Do you have a technique to try and understand local cuisine? (ie: Attending cooking classes or food tours? Hunting the best street food?)
I think it helps to try to understand the region, its geography and economy. Since rice production is a major player in Thailand’s economy, it perhaps also plays the most significant role in Thai cuisine. This is similar for the rest of South East Asia and it’s a good example of how a country’s geography and agriculture also affect its culture and food.
Observing and indulging in street food is a spontaneous, delicious and a fun way to sample local treats as you walk around a city. Belgian waffles, French crepes, Indian style Masala Corn – are amongst some of the tastiest delights I’ve enjoyed. Visiting markets too, helps understand the local food scene, the ingredients and spices used.
Tell us about a memorable meal that was so special it is forever ingrained in your memory. Where was it and what set it apart? What was served, and who shared it with you?
There are countless meals that hold a special place in my heart. I mean, it’s a blessing to be able to travel and try various kinds of food. Life is about simple joys and one of the most memorable was a casual seafood dinner on the beach in Bali. It was just one of those days where the fresh seafood, good ocean breeze, feet in the sand and my husband (and best friend) by my side, made for an unforgettable meal.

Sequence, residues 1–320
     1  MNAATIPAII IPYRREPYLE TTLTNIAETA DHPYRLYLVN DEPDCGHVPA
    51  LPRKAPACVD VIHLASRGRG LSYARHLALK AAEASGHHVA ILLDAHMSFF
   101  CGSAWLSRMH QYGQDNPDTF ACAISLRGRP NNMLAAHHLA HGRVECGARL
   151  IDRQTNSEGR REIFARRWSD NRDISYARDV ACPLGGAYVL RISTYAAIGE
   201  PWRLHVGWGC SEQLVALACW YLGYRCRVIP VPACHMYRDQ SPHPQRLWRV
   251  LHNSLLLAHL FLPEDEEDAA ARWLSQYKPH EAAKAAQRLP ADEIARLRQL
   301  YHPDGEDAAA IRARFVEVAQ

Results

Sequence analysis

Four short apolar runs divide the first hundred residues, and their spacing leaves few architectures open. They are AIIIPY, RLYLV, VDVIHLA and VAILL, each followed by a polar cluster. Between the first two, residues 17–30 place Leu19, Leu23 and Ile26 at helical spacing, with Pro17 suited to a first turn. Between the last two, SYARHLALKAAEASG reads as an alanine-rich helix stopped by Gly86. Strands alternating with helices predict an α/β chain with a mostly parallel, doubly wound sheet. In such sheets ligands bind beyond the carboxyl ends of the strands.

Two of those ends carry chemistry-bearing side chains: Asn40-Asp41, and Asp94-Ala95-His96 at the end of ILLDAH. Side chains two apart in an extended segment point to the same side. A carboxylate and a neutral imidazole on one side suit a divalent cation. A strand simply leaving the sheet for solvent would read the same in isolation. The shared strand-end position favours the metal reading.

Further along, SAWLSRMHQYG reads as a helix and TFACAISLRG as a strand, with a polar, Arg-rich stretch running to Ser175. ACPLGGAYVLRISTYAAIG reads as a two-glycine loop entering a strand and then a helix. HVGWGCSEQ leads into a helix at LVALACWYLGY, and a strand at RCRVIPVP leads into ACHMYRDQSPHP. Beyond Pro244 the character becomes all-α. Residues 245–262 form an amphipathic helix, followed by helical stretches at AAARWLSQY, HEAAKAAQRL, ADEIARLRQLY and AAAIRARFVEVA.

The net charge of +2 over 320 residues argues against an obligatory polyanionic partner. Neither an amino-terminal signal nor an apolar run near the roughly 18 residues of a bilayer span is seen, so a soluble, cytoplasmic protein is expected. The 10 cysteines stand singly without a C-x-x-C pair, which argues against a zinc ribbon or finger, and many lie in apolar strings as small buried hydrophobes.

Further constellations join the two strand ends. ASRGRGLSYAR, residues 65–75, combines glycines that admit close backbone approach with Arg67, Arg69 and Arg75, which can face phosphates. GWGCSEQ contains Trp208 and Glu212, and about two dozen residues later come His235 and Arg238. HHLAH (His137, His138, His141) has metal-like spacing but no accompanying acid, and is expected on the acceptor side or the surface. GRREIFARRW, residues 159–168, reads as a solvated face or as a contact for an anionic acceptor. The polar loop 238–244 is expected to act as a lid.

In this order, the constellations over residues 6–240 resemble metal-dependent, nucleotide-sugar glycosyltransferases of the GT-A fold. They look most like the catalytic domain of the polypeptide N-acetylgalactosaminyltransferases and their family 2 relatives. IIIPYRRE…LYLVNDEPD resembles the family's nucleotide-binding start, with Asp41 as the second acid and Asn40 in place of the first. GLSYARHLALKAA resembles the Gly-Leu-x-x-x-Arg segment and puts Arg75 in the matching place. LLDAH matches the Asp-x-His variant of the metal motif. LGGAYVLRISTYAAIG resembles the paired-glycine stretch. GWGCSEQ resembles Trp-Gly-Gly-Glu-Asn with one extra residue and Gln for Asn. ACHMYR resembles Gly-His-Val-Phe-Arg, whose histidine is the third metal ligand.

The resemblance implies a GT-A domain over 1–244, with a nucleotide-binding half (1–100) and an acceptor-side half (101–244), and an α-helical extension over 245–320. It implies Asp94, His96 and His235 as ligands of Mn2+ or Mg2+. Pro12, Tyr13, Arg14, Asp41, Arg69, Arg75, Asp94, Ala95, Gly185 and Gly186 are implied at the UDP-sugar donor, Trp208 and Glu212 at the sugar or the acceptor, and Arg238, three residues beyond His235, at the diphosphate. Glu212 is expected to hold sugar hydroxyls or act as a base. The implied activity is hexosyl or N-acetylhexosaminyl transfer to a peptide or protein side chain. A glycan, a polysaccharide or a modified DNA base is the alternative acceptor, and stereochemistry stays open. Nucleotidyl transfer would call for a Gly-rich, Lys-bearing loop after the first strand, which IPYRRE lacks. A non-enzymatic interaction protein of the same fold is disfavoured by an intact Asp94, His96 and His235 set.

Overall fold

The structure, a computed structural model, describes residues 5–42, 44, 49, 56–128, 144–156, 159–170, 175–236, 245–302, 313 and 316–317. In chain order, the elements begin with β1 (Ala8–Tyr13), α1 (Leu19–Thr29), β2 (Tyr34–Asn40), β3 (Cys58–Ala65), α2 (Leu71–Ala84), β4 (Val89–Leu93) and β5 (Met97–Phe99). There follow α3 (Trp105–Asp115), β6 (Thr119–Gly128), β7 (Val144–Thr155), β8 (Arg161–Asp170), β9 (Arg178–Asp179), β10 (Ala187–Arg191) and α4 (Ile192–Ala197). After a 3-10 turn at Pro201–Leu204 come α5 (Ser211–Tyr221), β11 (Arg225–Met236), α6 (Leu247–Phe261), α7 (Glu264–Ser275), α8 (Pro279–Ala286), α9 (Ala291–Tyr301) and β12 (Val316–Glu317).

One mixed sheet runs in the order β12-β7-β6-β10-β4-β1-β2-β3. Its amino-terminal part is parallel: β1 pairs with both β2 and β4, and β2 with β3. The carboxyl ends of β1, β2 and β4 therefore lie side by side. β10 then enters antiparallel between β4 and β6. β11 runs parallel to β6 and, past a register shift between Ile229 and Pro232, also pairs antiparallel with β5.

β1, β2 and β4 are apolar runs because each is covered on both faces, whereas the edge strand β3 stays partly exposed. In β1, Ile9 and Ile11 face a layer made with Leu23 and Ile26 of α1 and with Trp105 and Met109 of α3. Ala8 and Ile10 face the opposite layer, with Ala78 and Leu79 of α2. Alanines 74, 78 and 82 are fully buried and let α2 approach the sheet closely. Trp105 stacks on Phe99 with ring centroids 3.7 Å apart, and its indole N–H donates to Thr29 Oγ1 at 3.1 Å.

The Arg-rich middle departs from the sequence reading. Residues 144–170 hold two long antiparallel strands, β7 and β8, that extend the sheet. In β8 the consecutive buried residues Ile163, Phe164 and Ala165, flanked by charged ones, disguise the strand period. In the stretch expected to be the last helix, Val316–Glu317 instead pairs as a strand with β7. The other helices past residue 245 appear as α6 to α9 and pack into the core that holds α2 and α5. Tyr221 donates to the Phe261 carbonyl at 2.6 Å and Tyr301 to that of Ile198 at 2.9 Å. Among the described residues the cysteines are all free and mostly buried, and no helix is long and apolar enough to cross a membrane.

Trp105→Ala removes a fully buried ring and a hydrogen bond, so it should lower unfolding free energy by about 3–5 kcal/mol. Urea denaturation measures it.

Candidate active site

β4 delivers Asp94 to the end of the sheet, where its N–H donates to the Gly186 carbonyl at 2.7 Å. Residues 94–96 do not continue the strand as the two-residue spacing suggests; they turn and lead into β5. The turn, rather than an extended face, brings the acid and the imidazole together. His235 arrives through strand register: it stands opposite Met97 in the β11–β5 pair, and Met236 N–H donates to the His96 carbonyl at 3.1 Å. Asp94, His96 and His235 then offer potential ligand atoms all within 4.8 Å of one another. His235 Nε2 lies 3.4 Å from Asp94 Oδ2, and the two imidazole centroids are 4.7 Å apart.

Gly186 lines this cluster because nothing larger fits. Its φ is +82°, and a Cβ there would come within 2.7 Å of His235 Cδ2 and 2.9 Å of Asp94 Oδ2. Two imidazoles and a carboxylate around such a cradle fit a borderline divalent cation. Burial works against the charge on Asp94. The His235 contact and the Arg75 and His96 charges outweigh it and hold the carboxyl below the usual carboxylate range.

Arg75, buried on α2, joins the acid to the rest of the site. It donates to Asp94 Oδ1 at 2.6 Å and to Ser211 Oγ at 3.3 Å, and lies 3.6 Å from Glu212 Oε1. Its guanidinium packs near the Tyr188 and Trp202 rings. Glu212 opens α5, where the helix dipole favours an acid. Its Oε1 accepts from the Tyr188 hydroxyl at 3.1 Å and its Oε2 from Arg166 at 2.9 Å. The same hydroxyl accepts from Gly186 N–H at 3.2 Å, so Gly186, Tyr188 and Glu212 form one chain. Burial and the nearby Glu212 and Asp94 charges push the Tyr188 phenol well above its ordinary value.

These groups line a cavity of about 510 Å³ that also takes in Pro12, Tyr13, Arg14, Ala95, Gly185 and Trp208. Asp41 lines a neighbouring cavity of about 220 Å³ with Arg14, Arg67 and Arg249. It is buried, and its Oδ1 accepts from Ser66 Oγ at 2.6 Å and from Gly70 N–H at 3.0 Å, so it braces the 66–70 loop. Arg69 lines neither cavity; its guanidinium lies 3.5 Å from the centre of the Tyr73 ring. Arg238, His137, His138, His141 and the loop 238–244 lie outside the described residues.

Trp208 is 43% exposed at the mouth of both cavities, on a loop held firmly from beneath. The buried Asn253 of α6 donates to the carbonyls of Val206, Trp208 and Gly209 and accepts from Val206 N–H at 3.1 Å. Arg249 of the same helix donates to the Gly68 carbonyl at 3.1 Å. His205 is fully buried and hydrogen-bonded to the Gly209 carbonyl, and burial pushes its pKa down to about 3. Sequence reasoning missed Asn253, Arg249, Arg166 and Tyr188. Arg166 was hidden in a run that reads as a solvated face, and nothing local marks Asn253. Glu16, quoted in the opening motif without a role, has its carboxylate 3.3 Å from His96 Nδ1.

Another memorable meal was during a wine tasting tour at a Tuscan winery. Apart from so many types of wine, amazing Pecorino cheese, Salami and Bruschetta, we got to try some traditional Lasagna drizzled with truffle olive oil. It was incredible and forever spoiled us. We will never look at Lasagna the same way again.
What food have you tried in your travels that some might find shocking or surprising? Would you eat it again?
Some strange things that I’ve eaten are minced crocodile meat in Thailand, Escargots in France, Haggis in Scotland and Reindeer Carpaccio in Iceland. But one of the weirdest is Rotten Shark (Hákarl) on a recent trip to Iceland. It’s made from the Greenland Shark, which is gutted, cured for few weeks in holes dug in the sand, then cut and hung to dry for many months. Served as a small bite, it’s often had with a shot of the local liquor called Brennevin.
I’d heard quite a lot about the horrid taste of this, but decided to give it a shot (pun intended) anyways! The smell was quite strong and fishy, but it didn’t taste as bad as expected. Glad I got to try it but don’t think I’d want to have it again, unless I get to return to Iceland, then maybe I would!
And just for fun, if you had to choose one country’s cuisine to eat for the rest of your life what would it be?
Wow, that’s a tough one and wouldn’t really be fun. But if I really had to face this devastating dilemma, I would choose Thai food. Because there’s so much variety, I don’t think I would get bored of it. Okay, permission to cheat just a bit – I would also throw in some Japanese, Italian and Indian. Ah, I told you it was difficult!